Regarding the change from kennels to the family home, the dog was understandably bemused at first but soon made the transition from kennel to house, in fact, she got used to her new surroundings quite quickly. The local greyhound organisation should be able to give helpful information as to how to help the dog to settle in.
She is very comfortable around people and likes walks and sleeping on the sofa, she is a good traveler so is easy to take from Yorkshire over to Northumberland on holiday.

Do Greyhounds get on With Small Dogs and can Greyhounds Live with Small Dogs?

Well, given that ex-racing greyhounds have been taught to chase I would advise caution.
However, our dog has been introduced to Fifi, who is a small dog. At first, we never left them unsupervised but when they got to know each other they settled down and we could start to leave them alone.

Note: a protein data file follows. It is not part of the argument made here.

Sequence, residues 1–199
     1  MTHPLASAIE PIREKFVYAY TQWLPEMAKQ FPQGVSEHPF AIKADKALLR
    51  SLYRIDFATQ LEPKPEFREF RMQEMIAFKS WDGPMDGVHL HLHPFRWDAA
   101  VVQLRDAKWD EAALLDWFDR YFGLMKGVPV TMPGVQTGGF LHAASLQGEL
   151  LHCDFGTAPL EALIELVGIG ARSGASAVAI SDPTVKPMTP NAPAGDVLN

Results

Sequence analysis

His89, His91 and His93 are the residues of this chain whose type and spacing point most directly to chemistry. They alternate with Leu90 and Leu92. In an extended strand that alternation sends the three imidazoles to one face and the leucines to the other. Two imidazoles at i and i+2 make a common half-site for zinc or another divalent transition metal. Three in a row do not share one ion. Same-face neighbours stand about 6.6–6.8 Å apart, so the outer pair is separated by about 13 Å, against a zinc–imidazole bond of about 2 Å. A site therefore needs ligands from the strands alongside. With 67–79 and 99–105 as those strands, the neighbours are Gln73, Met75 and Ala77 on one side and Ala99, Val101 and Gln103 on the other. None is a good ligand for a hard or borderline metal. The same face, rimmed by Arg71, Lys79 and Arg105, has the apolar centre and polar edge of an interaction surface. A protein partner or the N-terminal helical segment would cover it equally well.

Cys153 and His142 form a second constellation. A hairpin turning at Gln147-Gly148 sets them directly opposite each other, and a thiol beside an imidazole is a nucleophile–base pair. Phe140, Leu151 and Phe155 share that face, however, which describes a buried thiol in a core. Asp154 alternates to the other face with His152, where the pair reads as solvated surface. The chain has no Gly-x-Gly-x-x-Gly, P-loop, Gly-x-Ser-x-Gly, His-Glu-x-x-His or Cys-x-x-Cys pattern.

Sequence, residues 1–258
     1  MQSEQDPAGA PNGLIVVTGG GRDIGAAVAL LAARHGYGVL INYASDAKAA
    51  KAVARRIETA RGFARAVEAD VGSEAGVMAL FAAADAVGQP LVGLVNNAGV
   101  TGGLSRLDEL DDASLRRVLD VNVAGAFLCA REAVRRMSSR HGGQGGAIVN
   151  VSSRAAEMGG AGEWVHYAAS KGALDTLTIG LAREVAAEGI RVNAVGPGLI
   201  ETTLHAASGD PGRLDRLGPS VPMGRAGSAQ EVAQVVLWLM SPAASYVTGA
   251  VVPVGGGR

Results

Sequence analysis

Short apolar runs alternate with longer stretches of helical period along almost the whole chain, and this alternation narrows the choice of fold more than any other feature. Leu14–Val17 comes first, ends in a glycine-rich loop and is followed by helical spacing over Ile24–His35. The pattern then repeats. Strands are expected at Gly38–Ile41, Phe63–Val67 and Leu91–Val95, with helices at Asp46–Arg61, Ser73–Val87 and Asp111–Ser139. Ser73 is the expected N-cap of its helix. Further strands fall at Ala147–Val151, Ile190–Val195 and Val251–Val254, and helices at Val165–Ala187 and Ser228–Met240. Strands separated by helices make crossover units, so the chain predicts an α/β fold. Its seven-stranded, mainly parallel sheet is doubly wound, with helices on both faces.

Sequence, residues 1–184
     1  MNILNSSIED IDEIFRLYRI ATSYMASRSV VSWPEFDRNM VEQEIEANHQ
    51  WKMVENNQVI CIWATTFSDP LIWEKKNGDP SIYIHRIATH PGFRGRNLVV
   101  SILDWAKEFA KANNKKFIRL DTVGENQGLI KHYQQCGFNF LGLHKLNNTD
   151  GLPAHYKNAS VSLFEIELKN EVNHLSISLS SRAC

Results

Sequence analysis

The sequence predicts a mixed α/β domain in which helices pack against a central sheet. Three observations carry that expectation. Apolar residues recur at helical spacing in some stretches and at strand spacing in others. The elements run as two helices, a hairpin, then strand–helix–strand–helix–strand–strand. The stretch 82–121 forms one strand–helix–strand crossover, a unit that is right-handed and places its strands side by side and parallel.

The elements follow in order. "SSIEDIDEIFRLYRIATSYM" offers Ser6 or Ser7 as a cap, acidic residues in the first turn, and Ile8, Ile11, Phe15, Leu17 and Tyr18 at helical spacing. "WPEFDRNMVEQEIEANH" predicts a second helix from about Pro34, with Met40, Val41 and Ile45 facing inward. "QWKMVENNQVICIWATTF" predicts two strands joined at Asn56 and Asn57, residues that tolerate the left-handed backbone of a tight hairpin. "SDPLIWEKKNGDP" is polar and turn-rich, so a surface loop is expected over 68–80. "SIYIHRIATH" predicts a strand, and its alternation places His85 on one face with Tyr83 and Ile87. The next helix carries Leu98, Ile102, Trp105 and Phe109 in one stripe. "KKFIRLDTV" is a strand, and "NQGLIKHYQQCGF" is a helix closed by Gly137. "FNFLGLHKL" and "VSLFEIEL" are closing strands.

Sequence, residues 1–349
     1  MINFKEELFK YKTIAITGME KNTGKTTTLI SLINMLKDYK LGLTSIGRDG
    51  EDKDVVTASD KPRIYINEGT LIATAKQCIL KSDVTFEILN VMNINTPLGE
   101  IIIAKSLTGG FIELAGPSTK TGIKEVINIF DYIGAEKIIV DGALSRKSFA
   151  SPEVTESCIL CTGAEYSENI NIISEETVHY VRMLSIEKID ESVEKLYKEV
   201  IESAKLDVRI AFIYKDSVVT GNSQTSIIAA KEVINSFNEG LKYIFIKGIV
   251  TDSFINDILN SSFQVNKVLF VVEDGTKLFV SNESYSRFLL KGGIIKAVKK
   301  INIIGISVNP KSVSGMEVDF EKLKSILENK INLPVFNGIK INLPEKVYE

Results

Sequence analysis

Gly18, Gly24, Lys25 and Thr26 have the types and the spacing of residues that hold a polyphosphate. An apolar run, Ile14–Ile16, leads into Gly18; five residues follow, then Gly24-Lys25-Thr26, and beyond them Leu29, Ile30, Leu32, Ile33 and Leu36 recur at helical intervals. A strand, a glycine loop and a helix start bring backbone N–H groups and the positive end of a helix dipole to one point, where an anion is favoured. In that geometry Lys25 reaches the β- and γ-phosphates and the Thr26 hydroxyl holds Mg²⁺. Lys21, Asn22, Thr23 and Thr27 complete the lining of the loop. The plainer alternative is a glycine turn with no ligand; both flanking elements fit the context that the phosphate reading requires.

Fifi spends quite a lot of time at our house and the dogs go on a lunchtime walk together and quite often walk together in the evening.

We are now at a stage where we can go out for an hour or two in the daytime and leave the dogs together in the house unsupervised.
The Greyhound does not wear a muzzle unless she is being let off the lead. We only let her off the lead in a large field with no other dogs apart from Dolly and Fifi, they enjoy running around and playing but we do make sure to keep a muzzle on Dolly in case she gets over-excited.

Can Greyhounds go on Long Walks?